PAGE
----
• Editorial: They Can Be Heroes

    Having covered the individual Pillars issues of Legends of Magic, I wanted to weigh in on an idea that's come up in the discussion. 

    Check out the full editorial after the break. And if you're not familiar with Dr. McNinja and his crazy world, I recommend giving it a look!

    We've now gotten to see each of the individual pillars in action. With that comes a chance to take the long view on the overall series, but my look back started with one tweet. A commentary by comic writer Jeremy Whitely about issue #6:

    I want to preface by saying that I believe in the idea of the "death of the author". A violent-sounding idea that really means that an author's intentions aren't really part of the audience's reception. Somewhere between storyteller and listener, there is a gulf where intention falls away. That amounts to the idea that a creator's word is not law.

    Into the fray!

    Yet good ideas are worth discussing, and–fair is fair–this is not an idea I addressed in my review. Mage Meadowbrook demonstrates amazing skill as she jumps circles around the zombified ponies. It's a role I would expect from a high-flying pegasus or someone trained specifically in acrobatics. Mage is far from what one would expect from a healer or potion-brewing sorcerer, and I can see why that would appeal to an audience.

    How about a QR code we could scan to download a comic's soundtrack?
    Now that would be something!

    It did not strike me as much, beyond an appreciation she could do that in a wide-trimmed skirt. And so, reviewer, study thyself. The most immediate answer is that I've become numb to a display of physical prowess. I'm a child of the 80's, when even the brains of the outfit were expected to be just as combat-proficient as the team lead. You remember, Leonardo leads. Donatello does machines? Well, they're still both ninjas.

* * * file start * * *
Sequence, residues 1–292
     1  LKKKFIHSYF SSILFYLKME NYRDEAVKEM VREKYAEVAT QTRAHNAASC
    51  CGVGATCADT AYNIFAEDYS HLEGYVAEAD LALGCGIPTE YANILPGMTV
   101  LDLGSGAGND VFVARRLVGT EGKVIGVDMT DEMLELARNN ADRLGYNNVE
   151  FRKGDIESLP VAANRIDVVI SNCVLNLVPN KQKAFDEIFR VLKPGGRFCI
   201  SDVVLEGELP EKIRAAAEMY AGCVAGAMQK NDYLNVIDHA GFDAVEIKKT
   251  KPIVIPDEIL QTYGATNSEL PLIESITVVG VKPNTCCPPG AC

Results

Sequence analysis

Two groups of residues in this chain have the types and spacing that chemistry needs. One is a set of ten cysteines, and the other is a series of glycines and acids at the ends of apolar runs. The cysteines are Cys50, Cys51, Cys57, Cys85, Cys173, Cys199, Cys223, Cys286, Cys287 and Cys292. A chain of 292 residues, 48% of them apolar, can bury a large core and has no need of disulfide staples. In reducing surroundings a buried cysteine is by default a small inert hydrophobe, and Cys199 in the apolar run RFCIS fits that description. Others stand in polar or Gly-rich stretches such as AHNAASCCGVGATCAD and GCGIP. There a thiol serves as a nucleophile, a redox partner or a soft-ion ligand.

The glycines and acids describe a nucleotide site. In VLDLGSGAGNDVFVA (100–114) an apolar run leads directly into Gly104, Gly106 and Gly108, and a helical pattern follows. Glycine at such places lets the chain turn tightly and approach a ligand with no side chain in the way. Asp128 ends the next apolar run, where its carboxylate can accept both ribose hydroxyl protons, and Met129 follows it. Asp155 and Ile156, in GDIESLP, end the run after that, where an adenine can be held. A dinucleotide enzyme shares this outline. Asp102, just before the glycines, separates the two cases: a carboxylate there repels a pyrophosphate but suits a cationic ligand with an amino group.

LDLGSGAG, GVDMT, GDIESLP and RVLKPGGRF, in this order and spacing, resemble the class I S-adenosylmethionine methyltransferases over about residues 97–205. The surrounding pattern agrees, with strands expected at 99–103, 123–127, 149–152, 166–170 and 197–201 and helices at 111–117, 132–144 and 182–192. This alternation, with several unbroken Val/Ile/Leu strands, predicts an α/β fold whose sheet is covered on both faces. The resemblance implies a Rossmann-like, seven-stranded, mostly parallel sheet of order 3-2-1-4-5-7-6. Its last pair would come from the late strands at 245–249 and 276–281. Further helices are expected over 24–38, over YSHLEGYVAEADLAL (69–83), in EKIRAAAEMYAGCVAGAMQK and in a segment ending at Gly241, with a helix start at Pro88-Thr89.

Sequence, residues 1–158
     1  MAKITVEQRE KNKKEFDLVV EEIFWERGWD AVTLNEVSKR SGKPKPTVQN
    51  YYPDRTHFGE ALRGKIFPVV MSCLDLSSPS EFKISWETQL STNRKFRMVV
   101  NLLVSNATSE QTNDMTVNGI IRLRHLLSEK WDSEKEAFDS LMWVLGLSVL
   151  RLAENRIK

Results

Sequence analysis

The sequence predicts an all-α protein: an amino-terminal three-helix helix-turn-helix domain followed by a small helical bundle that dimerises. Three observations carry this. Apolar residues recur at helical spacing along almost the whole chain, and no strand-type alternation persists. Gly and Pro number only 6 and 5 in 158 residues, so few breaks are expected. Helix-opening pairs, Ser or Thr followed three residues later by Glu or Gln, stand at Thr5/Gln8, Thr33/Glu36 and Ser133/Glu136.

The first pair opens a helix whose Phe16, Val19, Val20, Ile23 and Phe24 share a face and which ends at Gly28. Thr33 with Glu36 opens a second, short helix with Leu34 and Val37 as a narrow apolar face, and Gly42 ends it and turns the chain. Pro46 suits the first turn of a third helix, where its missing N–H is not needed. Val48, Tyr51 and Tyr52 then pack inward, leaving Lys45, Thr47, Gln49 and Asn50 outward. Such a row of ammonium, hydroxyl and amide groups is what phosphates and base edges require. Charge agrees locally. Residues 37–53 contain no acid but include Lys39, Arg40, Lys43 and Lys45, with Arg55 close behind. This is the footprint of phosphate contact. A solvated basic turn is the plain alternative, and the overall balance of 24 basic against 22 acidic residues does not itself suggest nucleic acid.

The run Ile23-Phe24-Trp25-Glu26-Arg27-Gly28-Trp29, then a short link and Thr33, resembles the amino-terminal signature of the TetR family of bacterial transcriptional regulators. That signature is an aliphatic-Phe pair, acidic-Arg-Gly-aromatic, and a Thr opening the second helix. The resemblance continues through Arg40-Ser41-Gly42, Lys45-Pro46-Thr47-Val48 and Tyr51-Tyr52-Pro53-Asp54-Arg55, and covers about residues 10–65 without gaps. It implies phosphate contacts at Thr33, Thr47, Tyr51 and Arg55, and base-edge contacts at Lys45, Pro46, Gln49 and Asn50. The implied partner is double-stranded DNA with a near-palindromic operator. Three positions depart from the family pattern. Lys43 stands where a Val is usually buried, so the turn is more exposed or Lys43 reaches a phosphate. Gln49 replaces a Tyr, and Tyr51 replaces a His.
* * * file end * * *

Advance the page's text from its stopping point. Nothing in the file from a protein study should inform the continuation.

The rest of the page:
Even Donny could sense the approach of Starbucks.

    So maybe over time I've grown numb to the idea of a hero with physical prowess. Even ponies like Maud Pie or kung-fu-kick Rarity have taught me not to be surprised by a pony's prowess.

    Is it wrong that I'd like to see a battle between Maud and Rarity?

    Realizing this got me thinking about concepts like mastery, courage, and strength. Three ideas discussed by author Jack Donovan in his "The Way of Men" book. He argues that "tactical virtues" like mastery, courage, and strength are amoral. That is, we admire them regardless of how they are used. A person can use strength to build a home or break another man's arm. Yet in a way we might admire both. 

    Odds are they would celebrate Rockhoof's strength even if he weren't as kind.
    But I'm glad he is.

    Though I disagree with Donovan's views on what makes a "good man" (and his assertion that these virtues are expected of men, not women), I do agree that we can be enticed by shows of skill, courage, and strength regardless of a character's morality. Many times in fiction I've been in awe of a villain's power. I wanted the heroes to surpass that might, but the villain stood out. I think there's at least one video game character who might embody this idea:  

    Loreal has never looked so evil.

    But there's something about Legends of Magic that impresses me more than the physical feats. To be sure, the series and its heroes aren't lacking in that department. Starswirl survived battling a golem. Somnambula had the strength to lever a giant snake's jaws open, even by a sliver. Flash Magnus and the Legionaries could slice a tornado to pieces. And Rockhoof managed to dig through magma while staring down a creature. 

    Right now, I'm more sympathetic to the creature.
    Dude like that would freak me out!

    They are also highly skilled in their respective fields and courageous in the extreme. Yet the big theme that I see running through these stories, including Meadowbrook's, is not that these are the strongest or the fastest, strongest, or smartest ponies in the land. They could certainly vie for those titles, but each story has highlighted how they view the world. 

    A military that's focused more on